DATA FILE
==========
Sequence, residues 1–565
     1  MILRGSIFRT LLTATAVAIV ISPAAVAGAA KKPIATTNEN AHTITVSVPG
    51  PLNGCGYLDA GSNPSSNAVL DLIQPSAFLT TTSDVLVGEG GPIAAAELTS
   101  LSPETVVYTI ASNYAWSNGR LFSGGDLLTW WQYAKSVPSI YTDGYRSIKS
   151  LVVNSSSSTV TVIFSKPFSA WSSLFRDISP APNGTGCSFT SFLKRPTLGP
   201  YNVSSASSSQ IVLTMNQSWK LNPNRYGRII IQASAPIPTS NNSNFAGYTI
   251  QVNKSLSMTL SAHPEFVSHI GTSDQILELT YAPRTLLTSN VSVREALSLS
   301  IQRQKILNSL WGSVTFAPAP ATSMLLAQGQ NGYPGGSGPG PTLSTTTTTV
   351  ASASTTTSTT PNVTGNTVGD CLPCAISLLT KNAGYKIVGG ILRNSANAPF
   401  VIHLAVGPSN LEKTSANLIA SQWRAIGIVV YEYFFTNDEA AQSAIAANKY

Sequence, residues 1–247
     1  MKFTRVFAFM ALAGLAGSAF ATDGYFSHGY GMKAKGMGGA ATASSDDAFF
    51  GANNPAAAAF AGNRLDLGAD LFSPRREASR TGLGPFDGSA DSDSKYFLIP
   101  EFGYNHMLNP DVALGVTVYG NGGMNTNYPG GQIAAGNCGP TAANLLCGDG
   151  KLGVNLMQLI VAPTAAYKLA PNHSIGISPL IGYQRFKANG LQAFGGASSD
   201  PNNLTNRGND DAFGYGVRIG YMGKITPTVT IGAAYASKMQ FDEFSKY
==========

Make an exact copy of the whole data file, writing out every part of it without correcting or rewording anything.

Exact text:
Sequence, residues 1–565
     1  MILRGSIFRT LLTATAVAIV ISPAAVAGAA KKPIATTNEN AHTITVSVPG
    51  PLNGCGYLDA GSNPSSNAVL DLIQPSAFLT TTSDVLVGEG GPIAAAELTS
   101  LSPETVVYTI ASNYAWSNGR LFSGGDLLTW WQYAKSVPSI YTDGYRSIKS
   151  LVVNSSSSTV TVIFSKPFSA WSSLFRDISP APNGTGCSFT SFLKRPTLGP
   201  YNVSSASSSQ IVLTMNQSWK LNPNRYGRII IQASAPIPTS NNSNFAGYTI
   251  QVNKSLSMTL SAHPEFVSHI GTSDQILELT YAPRTLLTSN VSVREALSLS
   301  IQRQKILNSL WGSVTFAPAP ATSMLLAQGQ NGYPGGSGPG PTLSTTTTTV
   351  ASASTTTSTT PNVTGNTVGD CLPCAISLLT KNAGYKIVGG ILRNSANAPF
   401  VIHLAVGPSN LEKTSANLIA SQWRAIGIVV YEYFFTNDEA AQSAIAANKY

Sequence, residues 1–247
     1  MKFTRVFAFM ALAGLAGSAF ATDGYFSHGY GMKAKGMGGA ATASSDDAFF
    51  GANNPAAAAF AGNRLDLGAD LFSPRREASR TGLGPFDGSA DSDSKYFLIP
   101  EFGYNHMLNP DVALGVTVYG NGGMNTNYPG GQIAAGNCGP TAANLLCGDG
   151  KLGVNLMQLI VAPTAAYKLA PNHSIGISPL IGYQRFKANG LQAFGGASSD
   201  PNNLTNRGND DAFGYGVRIG YMGKITPTVT IGAAYASKMQ FDEFSKY